Roots in Earth and Water

October 14, 2019

Katherine H. Webber, B Watch, The University of Virginia


Ship's Log

Current Position

Ship’s Heading & Speed

Sunny with a variety of cloud types!

Souls on Board

Emerging from the doghouse, I was greeted by a cool morning breeze that brushed from the port side of the deck. Having just completed the 0600 boat check, I found that the sunrise had begun while I was below deck. Moving to the rail, I fell into conversation with my 0500-0630 dock watch buddy Zuri, when I noticed a spot of white foam in the distance. Then, a whale breeched, far enough away that it wouldn't be noticed with a pacing glance. Soon, another joined it, breeching multiple times before a beautiful sunrise.

"They're greeting the sun," Zuri said. I couldn't agree more.

Our brief but busy port stop in Nuku'alofa has been full of moments like these. Yesterday, our group visited Tonga's blow holes (where water shoots many feet out of coastal rocks into the air!) as well as seeing Tonga's fishing pigs (pigs that fish for their food!). Today, however, was special in that we got to learn about Tonga's mangroves.


The morning began with a trip to Tonga's Department of the Environment, where we learned about their various programs and strategies to reduce waste and protect the environment in Tonga. They then treated us to a visit to one of the mangrove nurseries with mangrove expert Hoifua Aholahi.

Piling out of the bus, I was surprised to find that the nursery was located in a residential area. Nestled within a fenced-in enclosure, the four-year-old mangroves grew clustered together. Hoifua informed us that these mangroves would remain here, joining the other mangroves that already grew along the shore of the blue-green lagoon. He then showed us the seeds of the mangrove, which are long stalks, and told us that they are planted by being dropped vertically into the ground, growing into happy young mangroves and maturing at around five years. Mangrove ecosystems are important because they serve as nurseries for open ocean fish species, something which Hoifua stressed. We finished the trip by traveling inland to plant a few coastal trees at a home established by the Prince for the elderly and disabled. It felt good that we were able to give back to thecommunity and the environment in this way.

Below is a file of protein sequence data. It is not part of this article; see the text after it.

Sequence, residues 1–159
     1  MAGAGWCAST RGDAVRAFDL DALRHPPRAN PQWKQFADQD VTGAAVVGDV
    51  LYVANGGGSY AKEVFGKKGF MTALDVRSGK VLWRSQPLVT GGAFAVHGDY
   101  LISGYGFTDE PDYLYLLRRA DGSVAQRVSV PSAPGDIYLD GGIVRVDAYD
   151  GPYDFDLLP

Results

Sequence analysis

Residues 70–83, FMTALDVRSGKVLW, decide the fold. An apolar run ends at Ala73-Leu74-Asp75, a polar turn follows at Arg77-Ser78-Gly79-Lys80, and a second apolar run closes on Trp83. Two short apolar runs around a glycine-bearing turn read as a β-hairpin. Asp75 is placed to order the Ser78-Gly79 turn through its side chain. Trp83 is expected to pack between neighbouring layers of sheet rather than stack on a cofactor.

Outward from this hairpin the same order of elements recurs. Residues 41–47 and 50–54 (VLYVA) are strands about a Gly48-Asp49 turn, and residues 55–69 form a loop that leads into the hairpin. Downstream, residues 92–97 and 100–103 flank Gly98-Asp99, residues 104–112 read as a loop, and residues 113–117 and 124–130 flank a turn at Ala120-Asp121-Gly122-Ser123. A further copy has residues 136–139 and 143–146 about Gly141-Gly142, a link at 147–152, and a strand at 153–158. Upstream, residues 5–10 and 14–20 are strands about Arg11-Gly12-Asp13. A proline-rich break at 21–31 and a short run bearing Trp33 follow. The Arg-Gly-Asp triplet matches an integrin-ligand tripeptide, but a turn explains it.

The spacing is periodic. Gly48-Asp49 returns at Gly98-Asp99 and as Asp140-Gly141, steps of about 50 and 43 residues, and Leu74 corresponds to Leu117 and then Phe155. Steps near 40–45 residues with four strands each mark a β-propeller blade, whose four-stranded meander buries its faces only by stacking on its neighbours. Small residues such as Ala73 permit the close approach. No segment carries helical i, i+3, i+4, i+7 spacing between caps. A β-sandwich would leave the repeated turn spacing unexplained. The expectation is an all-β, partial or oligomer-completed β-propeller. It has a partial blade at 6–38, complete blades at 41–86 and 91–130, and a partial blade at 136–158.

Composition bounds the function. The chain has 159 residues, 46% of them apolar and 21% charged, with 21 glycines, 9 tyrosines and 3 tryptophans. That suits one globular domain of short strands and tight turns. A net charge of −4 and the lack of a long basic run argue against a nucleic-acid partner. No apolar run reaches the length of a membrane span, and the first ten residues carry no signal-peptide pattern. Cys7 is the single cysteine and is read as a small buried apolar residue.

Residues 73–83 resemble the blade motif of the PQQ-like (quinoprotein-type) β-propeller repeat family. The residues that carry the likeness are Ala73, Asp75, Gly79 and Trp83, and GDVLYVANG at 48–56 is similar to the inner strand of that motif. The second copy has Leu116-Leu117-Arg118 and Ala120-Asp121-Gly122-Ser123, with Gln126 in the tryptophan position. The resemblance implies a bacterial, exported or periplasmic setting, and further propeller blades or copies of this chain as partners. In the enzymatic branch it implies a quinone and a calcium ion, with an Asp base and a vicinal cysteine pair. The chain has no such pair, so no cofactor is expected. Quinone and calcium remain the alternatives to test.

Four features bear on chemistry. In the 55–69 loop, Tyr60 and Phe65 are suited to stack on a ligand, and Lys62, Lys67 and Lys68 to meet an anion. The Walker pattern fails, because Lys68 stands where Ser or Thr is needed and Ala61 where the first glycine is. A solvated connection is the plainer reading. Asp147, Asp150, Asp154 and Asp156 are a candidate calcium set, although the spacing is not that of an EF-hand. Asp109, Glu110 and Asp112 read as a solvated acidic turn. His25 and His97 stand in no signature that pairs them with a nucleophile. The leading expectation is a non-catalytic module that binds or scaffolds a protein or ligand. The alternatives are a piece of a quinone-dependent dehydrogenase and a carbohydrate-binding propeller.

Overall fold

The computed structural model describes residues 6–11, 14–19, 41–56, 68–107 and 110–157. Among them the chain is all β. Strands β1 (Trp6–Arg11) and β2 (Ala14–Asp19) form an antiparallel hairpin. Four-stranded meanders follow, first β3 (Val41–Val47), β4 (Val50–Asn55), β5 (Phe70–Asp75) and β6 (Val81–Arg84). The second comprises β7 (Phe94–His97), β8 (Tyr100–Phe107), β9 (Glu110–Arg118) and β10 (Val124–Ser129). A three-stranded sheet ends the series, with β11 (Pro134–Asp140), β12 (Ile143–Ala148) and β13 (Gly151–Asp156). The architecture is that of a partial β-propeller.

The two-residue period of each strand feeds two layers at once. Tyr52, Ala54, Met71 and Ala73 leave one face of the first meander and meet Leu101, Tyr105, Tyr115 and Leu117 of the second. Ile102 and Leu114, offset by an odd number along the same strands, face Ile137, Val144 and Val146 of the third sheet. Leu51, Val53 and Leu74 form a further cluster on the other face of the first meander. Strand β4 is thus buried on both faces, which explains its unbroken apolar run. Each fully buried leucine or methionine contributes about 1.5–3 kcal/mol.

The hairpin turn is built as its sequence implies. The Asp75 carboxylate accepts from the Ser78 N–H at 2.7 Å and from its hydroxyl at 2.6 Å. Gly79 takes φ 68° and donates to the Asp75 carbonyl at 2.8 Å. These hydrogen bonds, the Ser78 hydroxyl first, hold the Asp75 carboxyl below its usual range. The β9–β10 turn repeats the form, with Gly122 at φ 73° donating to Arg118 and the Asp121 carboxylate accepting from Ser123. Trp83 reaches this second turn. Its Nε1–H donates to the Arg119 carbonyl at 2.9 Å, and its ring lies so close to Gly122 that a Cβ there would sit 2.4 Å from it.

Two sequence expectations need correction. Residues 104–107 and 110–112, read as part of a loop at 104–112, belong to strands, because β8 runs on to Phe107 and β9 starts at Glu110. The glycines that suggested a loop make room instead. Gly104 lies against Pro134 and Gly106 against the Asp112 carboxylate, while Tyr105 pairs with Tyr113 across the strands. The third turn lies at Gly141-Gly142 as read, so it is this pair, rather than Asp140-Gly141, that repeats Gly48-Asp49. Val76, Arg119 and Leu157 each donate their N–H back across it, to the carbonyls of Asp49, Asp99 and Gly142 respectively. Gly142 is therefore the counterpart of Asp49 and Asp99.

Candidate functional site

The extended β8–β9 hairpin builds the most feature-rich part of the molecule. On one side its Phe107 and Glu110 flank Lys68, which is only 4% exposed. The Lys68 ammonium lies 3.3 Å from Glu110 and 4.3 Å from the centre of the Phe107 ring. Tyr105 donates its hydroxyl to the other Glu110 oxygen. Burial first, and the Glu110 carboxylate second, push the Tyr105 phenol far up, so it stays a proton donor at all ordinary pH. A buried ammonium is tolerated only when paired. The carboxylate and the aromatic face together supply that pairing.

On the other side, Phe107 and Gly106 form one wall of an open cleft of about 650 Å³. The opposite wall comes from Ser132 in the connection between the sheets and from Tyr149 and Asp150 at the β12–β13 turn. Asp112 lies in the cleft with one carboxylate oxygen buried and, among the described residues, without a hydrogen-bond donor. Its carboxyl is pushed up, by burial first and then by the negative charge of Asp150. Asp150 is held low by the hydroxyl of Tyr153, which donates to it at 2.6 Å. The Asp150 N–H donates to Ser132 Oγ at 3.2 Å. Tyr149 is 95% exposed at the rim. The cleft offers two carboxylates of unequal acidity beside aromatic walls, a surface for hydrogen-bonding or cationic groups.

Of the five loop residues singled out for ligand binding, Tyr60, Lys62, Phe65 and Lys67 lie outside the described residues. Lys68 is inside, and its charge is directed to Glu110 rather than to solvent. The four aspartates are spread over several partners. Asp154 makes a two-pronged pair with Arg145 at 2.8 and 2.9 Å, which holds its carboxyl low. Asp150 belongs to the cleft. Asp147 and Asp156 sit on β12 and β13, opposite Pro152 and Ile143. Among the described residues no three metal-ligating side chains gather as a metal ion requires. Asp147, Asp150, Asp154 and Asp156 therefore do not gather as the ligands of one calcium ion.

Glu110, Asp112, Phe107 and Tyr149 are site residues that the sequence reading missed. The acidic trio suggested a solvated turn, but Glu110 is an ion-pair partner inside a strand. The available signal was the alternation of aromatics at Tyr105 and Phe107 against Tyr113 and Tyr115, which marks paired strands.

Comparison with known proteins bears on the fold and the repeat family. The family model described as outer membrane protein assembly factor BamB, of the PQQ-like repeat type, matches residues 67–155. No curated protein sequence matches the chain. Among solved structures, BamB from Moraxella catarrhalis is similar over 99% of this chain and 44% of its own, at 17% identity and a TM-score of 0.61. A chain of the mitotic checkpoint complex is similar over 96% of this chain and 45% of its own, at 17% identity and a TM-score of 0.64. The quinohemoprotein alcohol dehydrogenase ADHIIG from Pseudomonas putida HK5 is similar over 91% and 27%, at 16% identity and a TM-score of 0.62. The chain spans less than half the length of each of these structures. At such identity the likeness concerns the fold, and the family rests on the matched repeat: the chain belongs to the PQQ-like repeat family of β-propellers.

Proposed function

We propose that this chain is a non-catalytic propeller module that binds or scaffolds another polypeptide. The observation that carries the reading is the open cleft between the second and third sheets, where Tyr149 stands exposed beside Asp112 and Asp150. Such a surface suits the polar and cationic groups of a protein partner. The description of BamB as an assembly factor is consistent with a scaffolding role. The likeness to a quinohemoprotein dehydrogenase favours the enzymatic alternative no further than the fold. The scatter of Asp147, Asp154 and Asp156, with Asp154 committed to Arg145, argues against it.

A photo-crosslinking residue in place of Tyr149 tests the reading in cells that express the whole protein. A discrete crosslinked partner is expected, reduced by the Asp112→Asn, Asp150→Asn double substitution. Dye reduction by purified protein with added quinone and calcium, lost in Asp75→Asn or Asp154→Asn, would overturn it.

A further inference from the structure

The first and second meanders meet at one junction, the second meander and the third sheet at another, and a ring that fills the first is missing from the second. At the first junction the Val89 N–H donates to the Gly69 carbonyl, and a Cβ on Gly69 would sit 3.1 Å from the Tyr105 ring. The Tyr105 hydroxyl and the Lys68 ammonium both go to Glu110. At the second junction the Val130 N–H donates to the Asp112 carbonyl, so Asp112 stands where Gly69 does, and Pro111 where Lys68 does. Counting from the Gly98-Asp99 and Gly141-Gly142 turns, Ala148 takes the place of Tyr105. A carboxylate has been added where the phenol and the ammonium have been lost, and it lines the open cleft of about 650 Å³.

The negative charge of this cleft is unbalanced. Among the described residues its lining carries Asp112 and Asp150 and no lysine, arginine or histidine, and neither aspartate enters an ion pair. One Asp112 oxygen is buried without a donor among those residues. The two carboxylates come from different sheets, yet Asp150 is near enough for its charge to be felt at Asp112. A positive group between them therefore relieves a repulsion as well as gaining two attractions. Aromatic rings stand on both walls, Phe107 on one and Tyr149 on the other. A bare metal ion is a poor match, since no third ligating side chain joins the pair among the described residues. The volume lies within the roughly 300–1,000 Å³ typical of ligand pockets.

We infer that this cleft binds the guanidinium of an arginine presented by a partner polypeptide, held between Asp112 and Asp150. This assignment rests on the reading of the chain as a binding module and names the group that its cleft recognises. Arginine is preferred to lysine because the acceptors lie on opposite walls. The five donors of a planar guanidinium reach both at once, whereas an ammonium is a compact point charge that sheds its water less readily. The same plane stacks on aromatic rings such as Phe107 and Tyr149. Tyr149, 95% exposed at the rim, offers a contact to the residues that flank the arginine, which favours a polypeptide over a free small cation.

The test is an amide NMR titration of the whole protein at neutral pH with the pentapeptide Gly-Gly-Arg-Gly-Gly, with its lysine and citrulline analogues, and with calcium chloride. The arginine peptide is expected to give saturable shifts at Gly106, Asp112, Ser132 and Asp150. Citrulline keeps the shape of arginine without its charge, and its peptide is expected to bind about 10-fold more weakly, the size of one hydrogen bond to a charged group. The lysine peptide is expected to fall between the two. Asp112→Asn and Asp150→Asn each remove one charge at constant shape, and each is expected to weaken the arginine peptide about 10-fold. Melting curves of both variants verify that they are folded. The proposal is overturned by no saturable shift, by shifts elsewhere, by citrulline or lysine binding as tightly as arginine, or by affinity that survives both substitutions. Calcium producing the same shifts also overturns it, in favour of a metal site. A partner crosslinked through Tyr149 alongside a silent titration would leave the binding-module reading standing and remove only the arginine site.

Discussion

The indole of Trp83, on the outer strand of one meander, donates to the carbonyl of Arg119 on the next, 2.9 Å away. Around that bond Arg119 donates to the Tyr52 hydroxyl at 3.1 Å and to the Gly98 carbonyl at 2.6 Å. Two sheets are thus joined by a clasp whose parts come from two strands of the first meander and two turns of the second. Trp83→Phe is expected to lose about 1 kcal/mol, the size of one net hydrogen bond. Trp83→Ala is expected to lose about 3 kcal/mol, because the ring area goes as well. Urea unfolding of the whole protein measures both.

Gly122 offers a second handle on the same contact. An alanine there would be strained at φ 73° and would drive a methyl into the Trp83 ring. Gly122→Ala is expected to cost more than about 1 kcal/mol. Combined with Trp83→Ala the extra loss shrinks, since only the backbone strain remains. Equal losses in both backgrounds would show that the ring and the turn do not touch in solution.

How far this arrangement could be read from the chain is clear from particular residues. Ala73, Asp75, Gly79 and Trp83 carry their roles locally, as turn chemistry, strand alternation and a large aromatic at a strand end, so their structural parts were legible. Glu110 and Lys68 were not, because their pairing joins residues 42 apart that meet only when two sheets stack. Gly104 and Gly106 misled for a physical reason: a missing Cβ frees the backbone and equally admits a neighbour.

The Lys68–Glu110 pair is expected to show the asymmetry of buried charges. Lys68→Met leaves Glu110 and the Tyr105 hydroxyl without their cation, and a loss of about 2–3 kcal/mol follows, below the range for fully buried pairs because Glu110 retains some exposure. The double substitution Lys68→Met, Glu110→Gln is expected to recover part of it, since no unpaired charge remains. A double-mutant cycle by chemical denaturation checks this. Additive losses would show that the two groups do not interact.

At the end of the day, we had the wonderful opportunity to have dinner with some of the members of the Department of the Environment and Department of Geology. I enjoyed the conversations I had with them and learned so much. I am grateful for all that they showed and taught us today and want to take a moment to thank them for all they have done for us today.

As much as I have enjoyed my time in Nuku'alofa and Tonga, I am missing being on the open ocean much more than a thought I would. I am impatient for tomorrow when we set sail again. Landless horizons, windy days, and getting soaked by random large waves at inopportune times here I come!

- Katherine H. Webber, B Watch, Best Watch!, The University of Virginia

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